Using basic electronic sensors, we can build our own heat detector. The main component, which is the LM35 temperature sensor, is used to measure the current room temperature. Based on the measurement, the detector will warn the user using other sensors such as the buzzer and the LED to indicate whether the room temperature exceeds the limit.

This tutorial explains what kind of equipment we are using, how to program, and what to expect from it.

Hardware used:


  Fig 1: Schematic diagram of the detector circuit

 

Hardware Assembly

  1. Place a black and red wire on the breadboard. Connect the red wire to 5V on the Arduino while the black wire is connected to the GND.

  2. Place the RGB LED on the breadboard and connect the longer pin of the RGB to the GND of the Arduino. The right most pin (next to the longer pin) of the RGB LED should be connected to digital pin 8 on the Arduino while the left most pin should connect to the digital pin 7 on the Arduino.  Note that LEDs act like a diodes, which means they are direction sensitive and don’t have internal resistance. Always use small resistors to prevent them from burring the metal. Look at the figure below for more information:

      Fig 2: RGB LED

  3. Place the LM35DZ Temperature Sensor on the breadboard. Then you are ready to connect the right most pin to the ground, the center pin to the analog pin A0 on the Arduino, and the left pin to the power supply (5V of the Arduino).

      Fig 3: LM35DZ Temperature sensor

  4. Place the buzzer on the breadboard. Connect the positive pin to the PWM (Pulse Width Modulation) pin 5 on the Arduino and the negative pin to the GND on the Arduino.


  Fig 4: Circuit diagram of the detector

 

Software program

 // Declaring global variable
 int R_LED = 8; // assigning the Red LED of the RGB to be connected at pin 8
 int B_LED = 7;// assigning 
 int Buz= 5 ;
 const int temp = 0; // assigning the temperature sensor pin connection
 
void setup() 
{
 Serial.begin (9600);// opening serial comminication between the computer and Arduino
 pinMode (R_LED, OUTPUT); // declaring the LED as an output
 pinMode (B_LED, OUTPUT);
 pinMode (Buz, OUTPUT);
 pinMode (temp, INPUT);

}

void loop() 
{
 float Real_Voltage = analogRead(temp)* 0.004882814; // reading the sensor value and convert it to voltage
 float Temp_C = Real_Voltage * 100.0;// changing the voltage into Celsius
 float Temp_F = Temp_C * (9.0/5.0) + 32.0;
 // printing the value of the serial monitor
 //Serial.println(analogRead(temp));
 Serial.print("Voltage: ");
 Serial.println(Real_Voltage);
 Serial.print("Deg C: ");
 Serial.println(Temp_C);
 Serial.print("Deg F: ");
 Serial.println(Temp_F);
 
 // check if the sensor is above the maximum limit 
 if ( Temp_C >= 26.0)
 {
   Serial.println("Warning: The system is hot");
   digitalWrite(R_LED, HIGH); // Red LED on
   analogWrite(Buz,0);
   delay(2000);// wait for one sec
   digitalWrite(R_LED, LOW);// Red LED off
   analogWrite(Buz,0);
   delay(2000); // wait for one sec
 }
 // check if the sensor is above the mimimum limit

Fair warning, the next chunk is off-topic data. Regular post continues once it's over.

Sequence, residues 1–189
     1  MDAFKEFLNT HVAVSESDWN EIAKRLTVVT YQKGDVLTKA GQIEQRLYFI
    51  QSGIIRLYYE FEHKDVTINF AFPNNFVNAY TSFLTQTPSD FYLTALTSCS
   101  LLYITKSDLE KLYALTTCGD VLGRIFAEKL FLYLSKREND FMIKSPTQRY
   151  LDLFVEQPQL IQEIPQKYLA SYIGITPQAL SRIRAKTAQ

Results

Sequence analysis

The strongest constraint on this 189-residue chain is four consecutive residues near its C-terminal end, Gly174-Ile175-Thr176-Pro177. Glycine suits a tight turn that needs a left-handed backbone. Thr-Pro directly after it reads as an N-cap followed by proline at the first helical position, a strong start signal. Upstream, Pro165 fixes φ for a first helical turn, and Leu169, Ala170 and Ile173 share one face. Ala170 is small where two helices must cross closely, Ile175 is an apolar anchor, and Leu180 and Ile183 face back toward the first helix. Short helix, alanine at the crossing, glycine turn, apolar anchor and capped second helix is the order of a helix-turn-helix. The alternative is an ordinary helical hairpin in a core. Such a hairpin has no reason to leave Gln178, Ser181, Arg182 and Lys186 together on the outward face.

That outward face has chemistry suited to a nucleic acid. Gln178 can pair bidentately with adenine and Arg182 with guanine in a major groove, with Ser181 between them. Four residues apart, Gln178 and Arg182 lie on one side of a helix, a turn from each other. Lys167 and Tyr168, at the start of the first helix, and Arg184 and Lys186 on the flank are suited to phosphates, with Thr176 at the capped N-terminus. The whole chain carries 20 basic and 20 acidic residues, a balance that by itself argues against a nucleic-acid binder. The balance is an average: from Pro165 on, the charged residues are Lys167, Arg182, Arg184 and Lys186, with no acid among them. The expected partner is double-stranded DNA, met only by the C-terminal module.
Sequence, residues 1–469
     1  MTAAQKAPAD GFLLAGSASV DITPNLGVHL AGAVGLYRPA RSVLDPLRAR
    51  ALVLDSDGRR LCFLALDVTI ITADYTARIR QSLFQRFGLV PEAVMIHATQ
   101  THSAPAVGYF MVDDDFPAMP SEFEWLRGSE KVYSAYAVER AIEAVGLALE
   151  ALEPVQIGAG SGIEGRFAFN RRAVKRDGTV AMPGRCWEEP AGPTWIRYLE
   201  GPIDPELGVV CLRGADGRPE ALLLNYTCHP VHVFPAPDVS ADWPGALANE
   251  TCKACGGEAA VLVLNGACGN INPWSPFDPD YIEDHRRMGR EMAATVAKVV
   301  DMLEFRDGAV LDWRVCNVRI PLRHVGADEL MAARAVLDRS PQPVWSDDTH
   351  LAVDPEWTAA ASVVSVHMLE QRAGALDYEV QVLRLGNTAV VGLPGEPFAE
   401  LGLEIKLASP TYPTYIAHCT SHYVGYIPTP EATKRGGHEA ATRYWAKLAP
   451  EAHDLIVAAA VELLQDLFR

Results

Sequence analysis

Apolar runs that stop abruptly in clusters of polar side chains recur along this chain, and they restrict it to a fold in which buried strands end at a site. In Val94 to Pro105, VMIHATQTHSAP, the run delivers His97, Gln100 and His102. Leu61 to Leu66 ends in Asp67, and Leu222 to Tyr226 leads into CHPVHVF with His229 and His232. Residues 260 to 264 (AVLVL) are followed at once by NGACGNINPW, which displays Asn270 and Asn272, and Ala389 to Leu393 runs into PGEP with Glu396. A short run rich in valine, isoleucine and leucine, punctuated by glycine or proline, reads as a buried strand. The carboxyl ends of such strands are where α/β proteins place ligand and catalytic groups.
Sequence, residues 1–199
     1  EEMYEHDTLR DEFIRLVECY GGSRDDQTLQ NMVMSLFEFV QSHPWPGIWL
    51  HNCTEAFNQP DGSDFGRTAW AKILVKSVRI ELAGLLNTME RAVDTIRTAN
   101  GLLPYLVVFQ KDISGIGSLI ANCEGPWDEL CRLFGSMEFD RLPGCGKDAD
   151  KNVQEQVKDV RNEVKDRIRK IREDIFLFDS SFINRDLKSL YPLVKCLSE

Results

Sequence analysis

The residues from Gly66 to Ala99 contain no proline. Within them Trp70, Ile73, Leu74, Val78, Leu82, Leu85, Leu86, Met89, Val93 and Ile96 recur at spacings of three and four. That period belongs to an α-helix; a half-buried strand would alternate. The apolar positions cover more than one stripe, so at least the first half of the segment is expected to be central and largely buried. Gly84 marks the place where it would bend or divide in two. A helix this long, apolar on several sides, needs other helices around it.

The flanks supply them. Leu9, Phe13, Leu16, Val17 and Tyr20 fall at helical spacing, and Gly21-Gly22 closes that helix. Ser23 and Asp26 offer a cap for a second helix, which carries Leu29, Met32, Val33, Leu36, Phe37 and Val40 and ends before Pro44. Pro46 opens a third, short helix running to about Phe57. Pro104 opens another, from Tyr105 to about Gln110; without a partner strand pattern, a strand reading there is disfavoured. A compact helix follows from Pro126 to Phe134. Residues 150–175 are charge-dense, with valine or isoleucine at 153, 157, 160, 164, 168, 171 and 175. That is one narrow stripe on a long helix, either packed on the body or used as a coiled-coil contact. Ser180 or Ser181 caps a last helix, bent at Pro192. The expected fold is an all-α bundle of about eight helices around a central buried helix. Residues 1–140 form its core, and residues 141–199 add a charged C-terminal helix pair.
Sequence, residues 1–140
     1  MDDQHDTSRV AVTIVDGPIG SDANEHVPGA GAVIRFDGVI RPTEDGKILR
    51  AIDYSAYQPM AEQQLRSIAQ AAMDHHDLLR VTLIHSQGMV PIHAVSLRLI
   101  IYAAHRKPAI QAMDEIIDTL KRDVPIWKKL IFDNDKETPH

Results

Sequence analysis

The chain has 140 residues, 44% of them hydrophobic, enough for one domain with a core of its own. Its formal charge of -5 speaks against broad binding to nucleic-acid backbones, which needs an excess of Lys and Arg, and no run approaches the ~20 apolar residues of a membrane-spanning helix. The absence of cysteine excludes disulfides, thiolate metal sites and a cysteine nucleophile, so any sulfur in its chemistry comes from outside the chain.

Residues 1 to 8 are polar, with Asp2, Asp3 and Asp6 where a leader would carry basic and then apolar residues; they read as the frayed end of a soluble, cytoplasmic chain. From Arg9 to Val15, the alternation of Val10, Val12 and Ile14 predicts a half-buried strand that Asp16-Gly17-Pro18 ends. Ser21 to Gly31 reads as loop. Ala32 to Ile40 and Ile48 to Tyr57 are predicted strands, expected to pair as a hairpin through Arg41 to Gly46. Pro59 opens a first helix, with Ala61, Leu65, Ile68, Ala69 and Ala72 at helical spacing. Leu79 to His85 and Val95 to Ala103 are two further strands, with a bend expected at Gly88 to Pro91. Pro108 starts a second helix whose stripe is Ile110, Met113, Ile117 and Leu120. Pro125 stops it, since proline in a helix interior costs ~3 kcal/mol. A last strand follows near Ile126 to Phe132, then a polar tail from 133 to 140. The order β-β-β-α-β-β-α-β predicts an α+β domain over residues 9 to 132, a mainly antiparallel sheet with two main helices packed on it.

else if (Temp_C <= 25.0)
 {
   Serial.println("Warning: The system is cold");
   digitalWrite(B_LED, HIGH);// Blue LED on
   analogWrite(Buz,0);
   delay(2000);
   digitalWrite(B_LED, LOW);
   analogWrite(Buz,0);
   delay(2000); // wait for a sec 
 }
 else
 {
   Serial.println("The system is functioning well ");
   digitalWrite(R_LED, LOW);
   digitalWrite(B_LED, LOW);
   delay(2000);
 }
}

The first part of the code defines the global variable pin that is used by the RGB LED, temperature sensor, and the buzzer. This pin can be used by any function declared in this program. The RGB is connected to a digital pin while the others to an analog pin on the Arduino. 

Inside the setup function we have opened a serial communication between the computer and the Arduino using specific frequency band, which in this case is 9600. Then we defined which pin is used as an output or input. Question for you: what happens if you don’t declare temperature sensor pin and RGB pin as an input and output pin respectively? Why do you think that is?

When we look at the loop function, most of the main code resides in here. The first thing we did is read the value from the temperature sensor and converts it into voltage. The function analogRead() return is an integer value between 0 to 1023 since Arduino board contains 10 bit analog to digital converter (2^10 = 1024). In order to map this 10 bit character read by the temperature sensor into analog value, we need to multiply the sensor value with the resolution of the Arduino board, which is approximately 0.0049( 5V/1024 units ). After getting the voltage value, it needs to be converted into degree Celsius using the scale factor 0.01V/0C of LM35 temperature sensor. Then we check using a control structure like the “if statement” function to check whether it reached the maximum temperature (hot) or minimum temperature (cold). If it does, it will give out a warning using the LED and the buzzer as well as display the warning on the serial monitor.

If the detector doesn’t work after running the code, check the connection as well as any mistyping when writing the code. As we conclude this tutorial, we can now use this project to detect our surrounding or any other things you planned it to monitor.


  Fig 5: Image of the Blue LED ON and a screenshot of the serial monitor indicating the cold surounding

You should be able to see the blue LED on the RGB blink when the temperature reads below 25 oC. Also, the red LED on the RGB should blink when the temperature is above 26 oC.

If you have any questions about this tutorial, don't hesitate to post a comment, shoot us an email, or post it in our forum!